Archive for December, 2008

Starting to harvest

December 31, 2008

I love this time of year when I start harvesting edible goodies in earnest from the food forest:

Beans: two water wicking boxes of Butter Beans have been producing huge amounts of beans as have the Purple King climbers on the bean tepee.

Tomatoes: a few ripening early, but all the bushes have plenty of green fruits. Looks like being a good tomato year.

Apricots: three trees, the oldest producing a mass of small fruit which I thinned and the recent rain has filled out. The two younger trees produced only a couple of dozen fruit each but they were a beautiful colour and flavour. I’ve sown most of the seeds from these two trees in the hope of reproducing their type. All the apricots are seedlings.

Nectarines: Not a good yield this year (the tree tends to produce a good crop in alternate years), but they’re a good size thanks to the recent rain.

Plums: Getting lots of decent-sized fruit from the red-fleshed Satsuma variety. The yellow-fleshed Santa Rosa is still to ripen.

Apples & Pears: these are rapidly increasing in size due to the recent rain and are usually ready for picking late January or February.

Beetroot: Harvested all the beets from the wicking box. They were small but very tasty. It’s surprising how sweet and earthy they are when eaten minus the load of vinegar and spices typical of tinned beetroot.

Garlic: Harvested, dried and hung in mesh bags in the pantry. I can cross that off my shopping list for the next six months.

Salad greens: Mainly lettuce & rocket, which (because they’ve been allowed to run to seed) come up everywhere, and purple-leaved amaranth which has also self-seeded.

Herbs: lemon balm and anise hyssop for herbal teas, plus rosemary, oregano, dill, parsley, garlic chives.

Shallots: First time I’ve grown these. Much easier than onions and with a much more delicate flavour. (I’m not a great fan of fresh onions).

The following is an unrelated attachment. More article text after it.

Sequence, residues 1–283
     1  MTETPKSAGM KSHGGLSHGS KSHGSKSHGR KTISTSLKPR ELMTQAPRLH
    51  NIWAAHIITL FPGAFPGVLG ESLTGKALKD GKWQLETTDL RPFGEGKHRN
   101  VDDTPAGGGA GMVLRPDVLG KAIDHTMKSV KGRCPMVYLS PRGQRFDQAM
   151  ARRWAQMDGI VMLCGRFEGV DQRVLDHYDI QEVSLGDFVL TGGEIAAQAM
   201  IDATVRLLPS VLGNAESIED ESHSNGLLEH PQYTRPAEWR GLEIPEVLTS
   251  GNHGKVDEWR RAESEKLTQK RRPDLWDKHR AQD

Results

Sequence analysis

Leeks: The last of the year’s batch. New seedlings are almost ready to plant for next year.

Zucchini, cucumber & pumpkin: I got to work with my pollinating paintbrush and now have some fruits forming.

Potatoes: several different varieties—Kipfler, Bintje, Nicola, Dutch Cream, King Edward & Desiree. Haven’t pulled any up yet, but I can feel them down there under the mulch.

At the moment it’s ‘food feet’ rather than ‘food miles’.

80,000….all dead

December 21, 2008

I’ve been following the exploits of Linda, Trev & Caleb since reading Linda’s book  Living the Good Life, a couple of years ago and was particularly interested when Linda started beekeeping, because one day I’d like to have some bees myself .

Linda has just written about the death of all her bees. Pesticide poisoning was the likely culprit.

How I hate this ‘kill-everything’ culture of ours. How devastated, how angry she must have been.

When will people learn that everything on this planet is connected and that we are dependent on it all?

Wet clear gold

December 16, 2008

Well, that’s how my friend Kaye described it. It was in fact, rain….all 75 mm (3 inches) of it, which we enjoyed over this past weekend.

All my bins, baths, boxes, buckets and the 3 tanks are overflowing. I’ve even stopped (temporarily) saving water from the kitchen, because there’s nowhere to store it!

The soil is wet to the depth of the Hamilton Treeplanter and so I’ve rushed some native tubestock into the ground in the ‘bush-being-restored’ section. Also put out some seedlings into the food forest: licorice mint, some more caraway, lavender and a few leeks for seed collection.

Our three pools at the rear of the property (two of which were empty) are now brimming. They normally fill from the tank overflow and since the tank was full before the rain, the pools got the lot. Today, the Marsh Frogs were bokking away (that’s the noise they make—like two stones being struck together, or so my frog book says) and there’s already lots of little masses of frog spawn in amongst the reeds. Amazing how a bit of water can change a whole landscape in a twinkling.

This rain will really put some size into the developing apples and pears. I’m in the process of ‘putting on their socks’ after getting another 300 this week from Green Harvest. I wrote about these nylon elastic socks which Green Harvest sell as apple pouches, here. They’re going really well on the apricots too, not a single parrot beakmark on any of them. It sure beats trying to get a net over the entire tree. Of course I won’t ‘sock’ every fruit—too tedious by far—the parrots can have the ones right at the top.


The apples with their socks on